The Arms Trade Treaty (ATT) faces daunting obstacles in controlling the global conventional weapons market, according to the latest UN statistics analyzed in the 2014 Small Arms Survey. “The ATT process has raised the level of attention and scrutiny given to this issue at the global level, and will undoubtedly continue to do so,” said the annual report compiled by Swiss researchers and released in mid-June. But, the survey added, “the compromises necessary for agreement on the treaty text have left the ATT with few unqualified legal obligations.”
At the same time, the arms trade is burgeoning, according to the survey done by the Graduate Institute of International and Development Studies in Geneva. The researchers found that global trade in small arms and light weapons almost doubled between 2001 and 2011, from $2.4 billion to $4.6 billion. The market for small arms ammunition saw the greatest increase, followed by pistols and revolvers, sporting rifles, and sporting shotguns, according to the survey. But exporting countries are not required to report information on the approval or denial of export license applications, and more than half of the major arms-exporting countries do not do so, according to the survey.
“The ATT makes a significant contribution to existing legal frameworks by introducing new standards for the international transfer of conventional arms,” the survey said. “These gains are, however, more modest in comparison with existing small arms control measures.”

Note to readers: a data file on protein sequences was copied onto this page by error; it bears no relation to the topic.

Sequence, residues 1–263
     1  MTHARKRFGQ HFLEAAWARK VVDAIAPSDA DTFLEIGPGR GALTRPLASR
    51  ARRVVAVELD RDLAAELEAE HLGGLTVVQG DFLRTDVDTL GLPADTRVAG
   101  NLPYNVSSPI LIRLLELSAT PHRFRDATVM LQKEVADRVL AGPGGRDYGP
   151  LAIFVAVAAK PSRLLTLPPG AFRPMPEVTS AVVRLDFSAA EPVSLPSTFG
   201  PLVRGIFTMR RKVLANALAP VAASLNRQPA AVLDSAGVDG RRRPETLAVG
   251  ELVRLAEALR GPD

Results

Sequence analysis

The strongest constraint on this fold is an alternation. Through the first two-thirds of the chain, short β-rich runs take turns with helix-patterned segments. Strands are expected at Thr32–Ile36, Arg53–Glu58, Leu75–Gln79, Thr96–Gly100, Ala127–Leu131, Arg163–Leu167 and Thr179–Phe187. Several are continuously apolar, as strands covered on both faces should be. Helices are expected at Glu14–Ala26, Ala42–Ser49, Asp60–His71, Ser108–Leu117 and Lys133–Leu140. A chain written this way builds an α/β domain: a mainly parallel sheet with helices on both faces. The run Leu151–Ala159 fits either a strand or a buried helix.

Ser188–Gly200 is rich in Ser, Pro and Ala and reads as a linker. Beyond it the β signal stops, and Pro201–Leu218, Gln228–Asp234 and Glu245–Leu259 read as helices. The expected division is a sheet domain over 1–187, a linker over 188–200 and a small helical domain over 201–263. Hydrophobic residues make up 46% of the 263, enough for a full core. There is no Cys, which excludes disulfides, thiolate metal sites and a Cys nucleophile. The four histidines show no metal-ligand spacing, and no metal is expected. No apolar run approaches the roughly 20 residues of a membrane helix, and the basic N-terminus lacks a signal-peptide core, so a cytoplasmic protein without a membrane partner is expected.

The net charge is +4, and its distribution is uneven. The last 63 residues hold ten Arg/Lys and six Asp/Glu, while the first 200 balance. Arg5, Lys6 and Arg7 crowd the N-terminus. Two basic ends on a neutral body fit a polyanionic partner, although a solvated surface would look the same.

The treaty “has the potential to detract attention from ongoing processes,” such as the Firearms Protocol to the UN Convention Against Transnational Organized Crime, which requires states to establish criminal penalties for illicit manufacturing of and trafficking in firearms, as well as tampering with the markings on firearms, the survey said.
Existing laws regulating trade in ammunition are especially weak, according to a study of seven countries with arms conflicts conducted for the survey. Bullets made in China and the former Soviet Union accounted for the greatest share of ammunition found in Côte d’Ivoire, Libya, Somalia, Somaliland, South Sudan, Sudan, and Syria. “The presence of different types of unmarked cartridges in all but one of the countries and territories under review raises new hurdles for arms monitoring efforts,” the report said.